What bothers me the most about the stock villagers in Minecraft is that these little buggers don't need to eat.  I got factorization going over here, even without mods !  If can make a ton of resources, I need a purpose for them.  A village in need could provide that purpose!  But because default Minecraft villagers do not really eat (except as an aphrodisiac) and have no other significant needs, they are not that resource sink.  Come on, you wimps, eat me out of house and home!
A city builder like Towns puts logistics first, as it should.
Because of the lack of true needs in the villagers, Minecraft is a lousy city builder.  So it is up to these city building mods to try to fix this.  What needs am I seeing here?
  • Construction materials - Homes take stuff to build, but whether I am feeding a hungry Millenaire builder, a thriving Millenaire civilization, or doing it all myself by hand in vanilla Minecraft, it basically works out to the same impact on my stockpiled blocks.  Yet, it's sort of satisfying to meet requests for specific things, it's a bit like questing.
  • Food - Just like in normal Minecraft, nobody here really requires food.  In Millenaire, food is  still just an aphrodisiac, and in earlier versions of Minecolonies it just improved morale.  How come nobody starves?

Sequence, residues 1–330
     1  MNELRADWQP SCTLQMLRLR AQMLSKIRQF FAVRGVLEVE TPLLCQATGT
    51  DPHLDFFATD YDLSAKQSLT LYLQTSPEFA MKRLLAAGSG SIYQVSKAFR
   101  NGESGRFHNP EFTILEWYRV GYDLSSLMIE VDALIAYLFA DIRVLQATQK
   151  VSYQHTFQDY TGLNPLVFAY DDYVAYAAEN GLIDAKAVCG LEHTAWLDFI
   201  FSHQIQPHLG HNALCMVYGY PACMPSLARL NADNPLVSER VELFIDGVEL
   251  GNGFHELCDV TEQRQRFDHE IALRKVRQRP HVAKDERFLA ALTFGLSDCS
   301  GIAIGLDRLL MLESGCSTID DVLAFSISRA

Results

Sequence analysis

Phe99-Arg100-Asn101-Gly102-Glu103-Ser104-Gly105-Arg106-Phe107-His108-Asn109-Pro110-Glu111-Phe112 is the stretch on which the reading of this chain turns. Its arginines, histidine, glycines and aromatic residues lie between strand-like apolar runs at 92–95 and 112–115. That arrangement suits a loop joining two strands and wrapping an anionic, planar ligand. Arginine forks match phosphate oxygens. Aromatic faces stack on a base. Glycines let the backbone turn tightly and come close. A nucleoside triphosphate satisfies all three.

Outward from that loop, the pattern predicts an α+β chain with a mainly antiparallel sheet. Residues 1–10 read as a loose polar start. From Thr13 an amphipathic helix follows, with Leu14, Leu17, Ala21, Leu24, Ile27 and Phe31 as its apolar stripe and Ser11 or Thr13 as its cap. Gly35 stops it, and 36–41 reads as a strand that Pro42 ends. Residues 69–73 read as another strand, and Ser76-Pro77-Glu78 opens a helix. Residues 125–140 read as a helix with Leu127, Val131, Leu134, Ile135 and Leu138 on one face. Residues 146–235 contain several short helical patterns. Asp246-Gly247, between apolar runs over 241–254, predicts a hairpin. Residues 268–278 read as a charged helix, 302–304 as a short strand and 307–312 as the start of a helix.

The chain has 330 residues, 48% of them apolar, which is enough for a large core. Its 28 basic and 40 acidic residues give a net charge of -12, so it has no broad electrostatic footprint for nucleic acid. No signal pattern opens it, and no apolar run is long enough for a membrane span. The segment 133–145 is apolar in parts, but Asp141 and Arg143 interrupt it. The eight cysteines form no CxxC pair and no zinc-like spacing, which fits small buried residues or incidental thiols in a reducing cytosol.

• Tools - There is one form of useful consumable in Minecolonies because the craftsmen NPCs will use up tools... very slowly.  But there's a really tiny cycle here: tools become materials which become tools/construction materials?  When I tried the Ancient Warfare mod, I could at least pretend it was to raise an army!
Speaking of Ancient Warfare, I liked how the NPC workers in the mod refused to work unless they were fed!  But that same mod ended up turning fed workers into something that just power machine blocks.  If we follow that logic, I no longer need villagers to provide needs, just resources to power engines!  I might as well go play Factorio!
Factorio somewhat fudges needs by routing most resources to research.
So why don't I?  Well, maybe because I don't just want to acquire goods and get things done, I could do that in any factorization mod!  I am trying to balance out the goods I get with some genuine needs.  Otherwise, we end up with more garbage than we know what to do with!  Even core Minecraft has this problem: chests and chests full of junk!

But the villagers enter the picture too.  I like having them around.  Why is that? I did a bit of thinking about this, and came up with some interesting ideas.  But that is going to be pushed into the next entry.